NYU Langone doctors may use one of several approaches to manage precancerous growths on the cervix, which are also called dysplasia. Removing these growths can prevent cervical cancer from developing.
Loop Electrosurgical Excision Procedure
Your doctor may use a loop electrosurgical excision procedure, also known as LEEP, to manage precancerous growths on the surface or in the canal of the cervix, which connects the vagina and uterus. In this procedure, the doctor inserts a thin wire loop into the vagina. The loop carries a small electrical current that removes the precancerous tissue.
This procedure is usually performed in the doctor’s office with a local anesthetic.
Following the procedure, doctors continue to monitor you using Pap tests to make sure there are no additional precancerous changes.
Doctors remove a cone-shaped piece of tissue from the cervix in a procedure called conization. They may use conization to remove precancerous tissue high up in the cervical canal, along with a border of surrounding healthy tissue, to help ensure that all of the precancerous cells have been taken out.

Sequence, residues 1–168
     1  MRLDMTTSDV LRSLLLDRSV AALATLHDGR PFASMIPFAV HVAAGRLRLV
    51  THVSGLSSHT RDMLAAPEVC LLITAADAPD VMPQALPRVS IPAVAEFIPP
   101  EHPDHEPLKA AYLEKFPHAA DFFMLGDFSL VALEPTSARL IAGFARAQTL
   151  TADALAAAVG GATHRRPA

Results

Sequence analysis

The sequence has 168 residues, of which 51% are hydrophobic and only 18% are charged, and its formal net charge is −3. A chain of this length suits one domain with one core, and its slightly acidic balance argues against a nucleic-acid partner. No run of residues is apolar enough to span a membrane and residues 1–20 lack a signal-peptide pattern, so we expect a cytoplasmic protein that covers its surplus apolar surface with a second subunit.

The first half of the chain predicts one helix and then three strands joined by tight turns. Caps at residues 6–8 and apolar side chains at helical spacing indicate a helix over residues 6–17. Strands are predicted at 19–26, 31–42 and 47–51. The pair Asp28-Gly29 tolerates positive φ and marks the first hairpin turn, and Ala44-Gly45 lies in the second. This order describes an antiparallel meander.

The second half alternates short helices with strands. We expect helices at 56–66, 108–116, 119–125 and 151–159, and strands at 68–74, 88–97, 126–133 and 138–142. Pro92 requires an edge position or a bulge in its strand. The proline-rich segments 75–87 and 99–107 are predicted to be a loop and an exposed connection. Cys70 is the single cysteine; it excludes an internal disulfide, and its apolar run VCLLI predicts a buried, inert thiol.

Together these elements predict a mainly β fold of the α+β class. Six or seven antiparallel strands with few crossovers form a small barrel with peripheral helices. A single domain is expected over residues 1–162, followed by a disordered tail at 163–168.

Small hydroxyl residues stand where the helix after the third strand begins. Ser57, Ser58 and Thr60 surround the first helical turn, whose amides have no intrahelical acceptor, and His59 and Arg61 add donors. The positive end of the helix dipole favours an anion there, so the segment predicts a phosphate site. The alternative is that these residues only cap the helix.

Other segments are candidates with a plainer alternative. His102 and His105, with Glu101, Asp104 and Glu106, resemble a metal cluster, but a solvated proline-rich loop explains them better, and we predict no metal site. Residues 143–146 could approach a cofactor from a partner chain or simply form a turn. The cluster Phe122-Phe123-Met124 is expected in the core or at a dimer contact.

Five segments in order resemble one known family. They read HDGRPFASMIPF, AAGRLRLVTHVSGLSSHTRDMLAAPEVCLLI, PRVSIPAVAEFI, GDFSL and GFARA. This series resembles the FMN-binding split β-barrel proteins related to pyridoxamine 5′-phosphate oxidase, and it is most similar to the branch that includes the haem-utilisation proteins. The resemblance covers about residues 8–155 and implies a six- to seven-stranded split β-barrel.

During this procedure, doctors use either a scalpel inserted through the vagina or a laser to remove a piece of cervical tissue. Doctors usually perform this type of biopsy in an outpatient surgical center, often with general anesthesia.
Doctors continue to monitor you with Pap tests following the procedure to make sure there are no additional precancerous changes.
Some women treated with loop electrosurgical excision or conization for dysplasia require additional treatment. A hysterectomy—which is the removal of the cervix and uterus—may be recommended.
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